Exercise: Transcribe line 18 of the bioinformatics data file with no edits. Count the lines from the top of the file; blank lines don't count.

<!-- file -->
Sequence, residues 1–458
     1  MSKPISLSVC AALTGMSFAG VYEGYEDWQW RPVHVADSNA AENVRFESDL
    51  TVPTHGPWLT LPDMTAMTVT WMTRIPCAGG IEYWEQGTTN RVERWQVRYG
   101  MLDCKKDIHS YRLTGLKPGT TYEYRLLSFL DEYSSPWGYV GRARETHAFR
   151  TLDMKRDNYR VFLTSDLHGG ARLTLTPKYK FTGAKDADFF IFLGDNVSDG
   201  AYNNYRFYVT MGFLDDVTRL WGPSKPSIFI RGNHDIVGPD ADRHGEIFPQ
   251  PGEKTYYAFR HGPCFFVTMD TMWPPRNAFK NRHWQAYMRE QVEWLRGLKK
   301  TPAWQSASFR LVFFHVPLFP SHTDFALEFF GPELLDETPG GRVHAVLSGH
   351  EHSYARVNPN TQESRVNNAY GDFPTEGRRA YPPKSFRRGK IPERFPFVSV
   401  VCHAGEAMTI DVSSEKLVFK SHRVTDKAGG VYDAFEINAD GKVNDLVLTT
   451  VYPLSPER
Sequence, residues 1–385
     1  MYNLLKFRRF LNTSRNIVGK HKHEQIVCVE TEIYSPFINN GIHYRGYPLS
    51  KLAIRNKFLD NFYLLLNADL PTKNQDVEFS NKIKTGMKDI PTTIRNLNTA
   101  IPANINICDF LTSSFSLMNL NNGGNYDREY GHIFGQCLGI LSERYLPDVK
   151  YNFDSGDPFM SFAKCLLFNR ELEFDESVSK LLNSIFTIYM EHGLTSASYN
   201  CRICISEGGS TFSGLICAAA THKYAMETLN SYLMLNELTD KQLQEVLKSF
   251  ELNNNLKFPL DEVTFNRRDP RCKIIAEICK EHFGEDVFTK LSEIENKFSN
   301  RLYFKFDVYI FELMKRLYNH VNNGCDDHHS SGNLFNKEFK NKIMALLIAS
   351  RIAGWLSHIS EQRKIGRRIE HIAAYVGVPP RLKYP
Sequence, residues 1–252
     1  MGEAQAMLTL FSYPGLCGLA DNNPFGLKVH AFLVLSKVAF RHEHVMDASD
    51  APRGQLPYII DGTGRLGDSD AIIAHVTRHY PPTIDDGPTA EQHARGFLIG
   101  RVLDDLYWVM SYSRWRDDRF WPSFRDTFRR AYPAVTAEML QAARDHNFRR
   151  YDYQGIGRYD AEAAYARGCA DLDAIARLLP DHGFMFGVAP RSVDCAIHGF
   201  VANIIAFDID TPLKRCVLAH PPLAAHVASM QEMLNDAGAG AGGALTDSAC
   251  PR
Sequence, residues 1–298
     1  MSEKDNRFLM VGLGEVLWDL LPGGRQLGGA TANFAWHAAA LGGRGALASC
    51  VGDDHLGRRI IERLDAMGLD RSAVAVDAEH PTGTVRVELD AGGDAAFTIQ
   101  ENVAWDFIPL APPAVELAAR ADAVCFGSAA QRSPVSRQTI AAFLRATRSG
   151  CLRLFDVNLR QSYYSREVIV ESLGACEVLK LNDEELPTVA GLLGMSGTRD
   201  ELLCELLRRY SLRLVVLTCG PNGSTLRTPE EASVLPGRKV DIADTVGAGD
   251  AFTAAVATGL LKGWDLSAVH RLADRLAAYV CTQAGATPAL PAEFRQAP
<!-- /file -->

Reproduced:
   251  ELNNNLKFPL DEVTFNRRDP RCKIIAEICK EHFGEDVFTK LSEIENKFSN